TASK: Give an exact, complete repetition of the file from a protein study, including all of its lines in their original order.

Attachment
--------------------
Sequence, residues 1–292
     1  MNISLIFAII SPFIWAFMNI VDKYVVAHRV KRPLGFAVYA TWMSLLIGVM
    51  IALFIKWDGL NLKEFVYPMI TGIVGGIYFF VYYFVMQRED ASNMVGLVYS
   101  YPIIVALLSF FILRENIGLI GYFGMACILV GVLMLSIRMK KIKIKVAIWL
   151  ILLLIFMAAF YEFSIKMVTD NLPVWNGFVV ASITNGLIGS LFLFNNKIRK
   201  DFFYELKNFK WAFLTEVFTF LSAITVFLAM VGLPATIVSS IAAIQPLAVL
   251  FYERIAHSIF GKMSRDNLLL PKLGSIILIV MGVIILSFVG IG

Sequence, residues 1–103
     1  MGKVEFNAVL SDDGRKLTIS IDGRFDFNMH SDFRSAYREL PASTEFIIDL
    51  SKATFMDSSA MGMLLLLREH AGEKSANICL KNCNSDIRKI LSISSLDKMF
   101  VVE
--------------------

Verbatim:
Sequence, residues 1–292
     1  MNISLIFAII SPFIWAFMNI VDKYVVAHRV KRPLGFAVYA TWMSLLIGVM
    51  IALFIKWDGL NLKEFVYPMI TGIVGGIYFF VYYFVMQRED ASNMVGLVYS
   101  YPIIVALLSF FILRENIGLI GYFGMACILV GVLMLSIRMK KIKIKVAIWL
   151  ILLLIFMAAF YEFSIKMVTD NLPVWNGFVV ASITNGLIGS LFLFNNKIRK
   201  DFFYELKNFK WAFLTEVFTF LSAITVFLAM VGLPATIVSS IAAIQPLAVL
   251  FYERIAHSIF GKMSRDNLLL PKLGSIILIV MGVIILSFVG IG

Sequence, residues 1–103
     1  MGKVEFNAVL SDDGRKLTIS IDGRFDFNMH SDFRSAYREL PASTEFIIDL
    51  SKATFMDSSA MGMLLLLREH AGEKSANICL KNCNSDIRKI LSISSLDKMF
   101  VVE